Editorial: Don’t play the blame game if something doesn’t happen
I had an interesting conversation this week with one of my friends about the current generation of children. Unfortunately, I have not been blessed to be a parent as of now, but as conversed with my friend, it’s clear that this generation of offspring is different from when we grew up.
What I want people to know is that I am not criticizing anybody’s parenting skills at all. As parents, raise your kids the right way. Raise them to love and cherish others. The point that my friend and I specifically discussed revolved around children participating in activities.
We specifically reflected on the situation from last August about Charles City High School sports not being able to field a football team. Students, as well as the community, had a hard time trying to fathom why the sport wasn’t available. Similarly, Charles City will not be fielding a soccer, softball, or baseball team this year due to low numbers.
Have the kids’ interest changed? Sure they have. It’s just a shift in times and there is no one to blame. You can’t force a kid to do something they don’t want to do.
My friend and I conversed about growing up and how our parents placed us in activities to stay active and keep us busy. Today, there are some parents who allow their kids to make those choices. There is nothing wrong with that at all, but when a situation arises like it did with Charles City’s athletics this year, who is to blame?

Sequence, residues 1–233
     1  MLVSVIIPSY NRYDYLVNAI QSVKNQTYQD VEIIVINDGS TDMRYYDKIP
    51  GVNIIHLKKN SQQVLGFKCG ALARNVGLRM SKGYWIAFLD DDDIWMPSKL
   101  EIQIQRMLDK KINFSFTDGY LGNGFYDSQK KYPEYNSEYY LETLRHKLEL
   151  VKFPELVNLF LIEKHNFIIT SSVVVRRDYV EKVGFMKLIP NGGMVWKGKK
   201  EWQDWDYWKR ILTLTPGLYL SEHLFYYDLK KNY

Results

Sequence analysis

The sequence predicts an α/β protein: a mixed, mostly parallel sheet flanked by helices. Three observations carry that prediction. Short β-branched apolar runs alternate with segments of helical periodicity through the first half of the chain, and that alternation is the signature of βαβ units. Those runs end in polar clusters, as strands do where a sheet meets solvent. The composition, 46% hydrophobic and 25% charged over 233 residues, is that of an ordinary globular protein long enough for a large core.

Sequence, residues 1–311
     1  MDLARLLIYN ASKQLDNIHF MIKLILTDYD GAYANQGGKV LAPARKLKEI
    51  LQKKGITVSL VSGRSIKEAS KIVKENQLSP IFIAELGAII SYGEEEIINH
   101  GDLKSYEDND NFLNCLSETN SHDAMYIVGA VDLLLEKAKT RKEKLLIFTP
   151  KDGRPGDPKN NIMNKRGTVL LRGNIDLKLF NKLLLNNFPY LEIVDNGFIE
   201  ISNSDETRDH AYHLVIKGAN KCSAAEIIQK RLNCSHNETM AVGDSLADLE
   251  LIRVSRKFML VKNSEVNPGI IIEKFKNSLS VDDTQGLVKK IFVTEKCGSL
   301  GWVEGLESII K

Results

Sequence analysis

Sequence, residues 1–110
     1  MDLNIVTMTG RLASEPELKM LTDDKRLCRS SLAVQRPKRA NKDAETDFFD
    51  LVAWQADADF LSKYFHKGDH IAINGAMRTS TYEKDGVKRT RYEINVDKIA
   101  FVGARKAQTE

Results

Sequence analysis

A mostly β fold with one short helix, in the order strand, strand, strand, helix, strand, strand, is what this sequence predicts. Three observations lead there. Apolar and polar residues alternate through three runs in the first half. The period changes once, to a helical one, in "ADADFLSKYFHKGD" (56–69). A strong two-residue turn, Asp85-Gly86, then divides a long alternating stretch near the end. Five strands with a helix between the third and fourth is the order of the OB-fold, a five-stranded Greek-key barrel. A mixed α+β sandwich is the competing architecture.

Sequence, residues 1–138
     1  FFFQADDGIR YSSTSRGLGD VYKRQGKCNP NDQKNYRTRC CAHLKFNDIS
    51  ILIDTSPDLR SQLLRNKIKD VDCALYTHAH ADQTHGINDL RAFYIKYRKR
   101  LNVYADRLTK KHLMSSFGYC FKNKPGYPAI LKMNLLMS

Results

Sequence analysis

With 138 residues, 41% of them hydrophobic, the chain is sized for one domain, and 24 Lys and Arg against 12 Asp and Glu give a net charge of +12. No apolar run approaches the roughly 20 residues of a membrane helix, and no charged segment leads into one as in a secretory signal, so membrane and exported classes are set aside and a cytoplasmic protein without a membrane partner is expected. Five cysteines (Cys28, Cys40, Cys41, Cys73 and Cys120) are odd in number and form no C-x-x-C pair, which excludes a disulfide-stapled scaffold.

The school has done its due diligence by offering the sport. However, when students elect not to participate in the sport, then how can a team be fielded? The same can be said about youth sports and other organizations. When a group tries to reach out for assistance to start a program like the boys scouts or girl scouts, if no response is garnered, how do you make something come to fruition?
There is too much blame going around about why this doesn’t exist or why that doesn’t exist. Instead of blaming one another, there has to be a realization that times have changed. There are kids that don’t want to participate in certain activities and parents are supporting this. As I said before, there is nothing wrong with parents supporting this, but when the older generations don’t have anything to do in regard to recreational and school activities, don’t blame those organizations that host it.
In the end, my message to all is that times are changing along with our kids. There are many things out there that our kids are involved in. Social media, music, connecting to the world; those are all things that I, for one, did not have access to. I was just happy to have a 13-inch color television in my room.
Let’s stop playing the blame game and instead, continue to encourage and respect the decisions others make so that love and growth can bond our communities together instead of separating them.